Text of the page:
London, 5th October 2021: The Energy Intensive Users Group (EIUG) has today set-out the measures required to help ensure that the UK’s Energy Intensive Industries continueoperating this winter.
The EIUG has today called on Government and Ofgem for the immediate implementation of several emergency measures to help to ensure that the UK’s Energy Intensive Industries (UK EIIs) continue to operate this winter.
The measures are set out in a press release published today and EIUG Chair, Dr Richard Leese, commented:
‘We have already seen the impact of the truly astronomical increases in energy costs on production in the fertiliser and steel sectors. Nobody wants to see a repeat in other industries this winter given that UK EIIs produce so many essential domestic and industrial products and are intrinsically linked with many supply chains. Now is the moment for Government and Ofgem to take preventative action.’
EIUG Contact: Amrik Bal, Director Energy Intensive Users’ Group (BalA@eiug.org.uk)
Notes to editors:
The EIUG represents the UK’s Energy Intensive Industries (EIIs) including manufacturers of steel, chemicals, fertilisers, paper, glass, cement, lime, ceramics and industrial gases. EIUG members produce materials which are essential inputs to UK manufacturing supply chains, including materials that support climate solutions in the energy, transport, construction, agriculture and household sectors. They add an annual contribution of £38bn to UK GDP, supporting 200,000 jobs directly and 800,000 jobs indirectly around the country.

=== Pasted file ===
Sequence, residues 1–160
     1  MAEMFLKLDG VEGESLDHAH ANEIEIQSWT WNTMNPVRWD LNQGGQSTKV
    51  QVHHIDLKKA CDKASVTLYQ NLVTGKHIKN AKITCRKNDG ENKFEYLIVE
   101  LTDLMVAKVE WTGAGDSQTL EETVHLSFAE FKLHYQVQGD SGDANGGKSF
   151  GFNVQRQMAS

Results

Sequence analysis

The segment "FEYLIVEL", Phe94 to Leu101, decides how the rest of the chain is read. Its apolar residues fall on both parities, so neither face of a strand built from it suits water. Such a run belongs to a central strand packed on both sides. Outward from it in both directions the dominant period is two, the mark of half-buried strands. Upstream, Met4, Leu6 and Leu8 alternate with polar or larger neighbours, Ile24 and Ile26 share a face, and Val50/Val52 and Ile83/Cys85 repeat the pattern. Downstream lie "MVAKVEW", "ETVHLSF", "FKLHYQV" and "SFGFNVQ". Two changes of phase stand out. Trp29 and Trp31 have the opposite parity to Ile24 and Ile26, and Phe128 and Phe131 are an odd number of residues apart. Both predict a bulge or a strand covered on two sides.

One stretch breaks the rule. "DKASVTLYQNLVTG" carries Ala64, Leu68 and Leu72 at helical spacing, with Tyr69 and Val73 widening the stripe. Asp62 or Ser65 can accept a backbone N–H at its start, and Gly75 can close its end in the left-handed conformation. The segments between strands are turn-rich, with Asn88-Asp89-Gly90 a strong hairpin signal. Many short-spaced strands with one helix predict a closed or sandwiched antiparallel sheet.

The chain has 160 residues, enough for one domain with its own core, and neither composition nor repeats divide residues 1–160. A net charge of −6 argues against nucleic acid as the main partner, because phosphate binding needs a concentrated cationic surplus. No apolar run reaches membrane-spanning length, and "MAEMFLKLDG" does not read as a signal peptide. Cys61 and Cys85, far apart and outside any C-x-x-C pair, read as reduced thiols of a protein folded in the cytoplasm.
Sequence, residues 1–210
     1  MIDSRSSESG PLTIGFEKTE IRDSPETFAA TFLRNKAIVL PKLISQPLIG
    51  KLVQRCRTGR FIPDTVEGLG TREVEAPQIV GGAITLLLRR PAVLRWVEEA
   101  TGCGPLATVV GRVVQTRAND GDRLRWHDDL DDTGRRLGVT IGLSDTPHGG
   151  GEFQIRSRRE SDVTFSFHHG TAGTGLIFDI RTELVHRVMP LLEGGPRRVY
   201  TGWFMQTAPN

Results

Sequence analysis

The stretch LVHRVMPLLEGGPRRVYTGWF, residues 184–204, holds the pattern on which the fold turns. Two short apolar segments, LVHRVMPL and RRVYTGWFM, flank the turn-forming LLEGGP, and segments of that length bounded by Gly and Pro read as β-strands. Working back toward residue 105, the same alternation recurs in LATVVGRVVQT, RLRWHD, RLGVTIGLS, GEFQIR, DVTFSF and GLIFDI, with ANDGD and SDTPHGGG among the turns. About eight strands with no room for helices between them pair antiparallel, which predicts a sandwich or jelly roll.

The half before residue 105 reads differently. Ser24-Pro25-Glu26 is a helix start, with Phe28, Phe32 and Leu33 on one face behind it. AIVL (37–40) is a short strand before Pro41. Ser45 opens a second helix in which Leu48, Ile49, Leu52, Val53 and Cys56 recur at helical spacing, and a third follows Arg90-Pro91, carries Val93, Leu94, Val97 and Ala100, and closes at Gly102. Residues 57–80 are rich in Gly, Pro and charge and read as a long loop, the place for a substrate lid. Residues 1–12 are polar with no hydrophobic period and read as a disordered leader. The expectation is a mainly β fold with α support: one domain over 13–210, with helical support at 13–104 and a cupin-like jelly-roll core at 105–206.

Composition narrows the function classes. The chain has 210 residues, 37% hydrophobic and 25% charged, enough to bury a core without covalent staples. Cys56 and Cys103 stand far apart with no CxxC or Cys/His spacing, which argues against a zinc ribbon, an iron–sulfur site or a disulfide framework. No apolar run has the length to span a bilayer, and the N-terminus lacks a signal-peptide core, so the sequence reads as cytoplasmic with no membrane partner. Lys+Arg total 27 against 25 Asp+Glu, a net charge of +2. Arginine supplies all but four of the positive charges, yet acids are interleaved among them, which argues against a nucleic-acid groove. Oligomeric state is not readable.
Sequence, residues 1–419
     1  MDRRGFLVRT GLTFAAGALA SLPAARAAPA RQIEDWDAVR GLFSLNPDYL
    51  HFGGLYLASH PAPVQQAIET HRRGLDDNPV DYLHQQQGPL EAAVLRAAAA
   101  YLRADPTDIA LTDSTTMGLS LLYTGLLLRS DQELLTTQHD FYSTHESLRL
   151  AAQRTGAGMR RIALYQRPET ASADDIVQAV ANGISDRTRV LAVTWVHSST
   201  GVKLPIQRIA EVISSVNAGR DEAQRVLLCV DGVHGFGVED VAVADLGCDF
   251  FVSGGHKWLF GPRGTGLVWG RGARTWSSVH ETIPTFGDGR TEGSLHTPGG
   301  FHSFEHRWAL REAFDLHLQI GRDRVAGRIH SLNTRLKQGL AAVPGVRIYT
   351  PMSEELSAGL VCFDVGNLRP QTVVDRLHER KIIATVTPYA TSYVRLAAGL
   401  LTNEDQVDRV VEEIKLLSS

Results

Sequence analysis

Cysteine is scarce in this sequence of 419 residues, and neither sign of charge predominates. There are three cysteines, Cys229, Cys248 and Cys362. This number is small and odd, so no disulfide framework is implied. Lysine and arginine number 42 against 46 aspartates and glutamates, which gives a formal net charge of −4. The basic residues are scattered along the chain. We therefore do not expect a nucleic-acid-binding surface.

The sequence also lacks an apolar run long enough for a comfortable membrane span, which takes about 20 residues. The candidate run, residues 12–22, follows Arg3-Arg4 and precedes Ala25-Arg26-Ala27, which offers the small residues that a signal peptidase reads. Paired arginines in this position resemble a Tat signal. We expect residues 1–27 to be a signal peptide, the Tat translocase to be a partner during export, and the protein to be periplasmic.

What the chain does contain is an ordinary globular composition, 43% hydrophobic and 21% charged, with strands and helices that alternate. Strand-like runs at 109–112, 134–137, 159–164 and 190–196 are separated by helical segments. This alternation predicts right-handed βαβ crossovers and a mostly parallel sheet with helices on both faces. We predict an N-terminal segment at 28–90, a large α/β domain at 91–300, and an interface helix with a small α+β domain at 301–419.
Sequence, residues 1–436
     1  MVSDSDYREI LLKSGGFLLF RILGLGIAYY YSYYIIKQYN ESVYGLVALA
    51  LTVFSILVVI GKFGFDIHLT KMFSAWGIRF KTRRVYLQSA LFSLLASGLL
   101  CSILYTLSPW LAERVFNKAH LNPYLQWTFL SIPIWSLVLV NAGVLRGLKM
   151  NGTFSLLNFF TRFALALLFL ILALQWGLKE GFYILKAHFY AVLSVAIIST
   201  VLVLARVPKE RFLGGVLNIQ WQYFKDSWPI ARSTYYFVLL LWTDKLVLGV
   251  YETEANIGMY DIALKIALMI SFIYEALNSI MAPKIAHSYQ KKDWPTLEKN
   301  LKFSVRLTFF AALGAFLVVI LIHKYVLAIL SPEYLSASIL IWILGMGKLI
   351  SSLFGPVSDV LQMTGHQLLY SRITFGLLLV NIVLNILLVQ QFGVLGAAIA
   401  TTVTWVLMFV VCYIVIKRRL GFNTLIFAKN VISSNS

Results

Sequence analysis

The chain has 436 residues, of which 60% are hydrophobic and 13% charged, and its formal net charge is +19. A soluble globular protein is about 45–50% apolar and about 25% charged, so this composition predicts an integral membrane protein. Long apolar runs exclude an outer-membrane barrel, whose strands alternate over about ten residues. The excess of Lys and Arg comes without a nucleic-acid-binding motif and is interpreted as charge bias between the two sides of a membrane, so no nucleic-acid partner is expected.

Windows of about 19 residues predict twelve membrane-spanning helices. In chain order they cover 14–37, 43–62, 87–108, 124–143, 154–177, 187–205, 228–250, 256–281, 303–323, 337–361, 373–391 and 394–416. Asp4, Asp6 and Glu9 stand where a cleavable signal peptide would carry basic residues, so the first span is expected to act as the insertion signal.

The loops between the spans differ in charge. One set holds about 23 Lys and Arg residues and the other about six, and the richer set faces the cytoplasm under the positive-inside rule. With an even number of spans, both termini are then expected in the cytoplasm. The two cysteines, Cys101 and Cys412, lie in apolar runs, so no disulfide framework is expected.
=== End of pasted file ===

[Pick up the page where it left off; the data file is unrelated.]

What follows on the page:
These foundation industries are both energy and trade intensive – remaining located & continuing to invest in the UK and competing globally requires secure, internationally competitive energy supplies and freedom to export without tariff barriers. However, inward investment, growth and competitiveness have been hampered for years by UK energy costs higher than those of international competitors. In some cases, investment, economic activity & jobs have relocated abroad, leading to a subsequent increase in imports.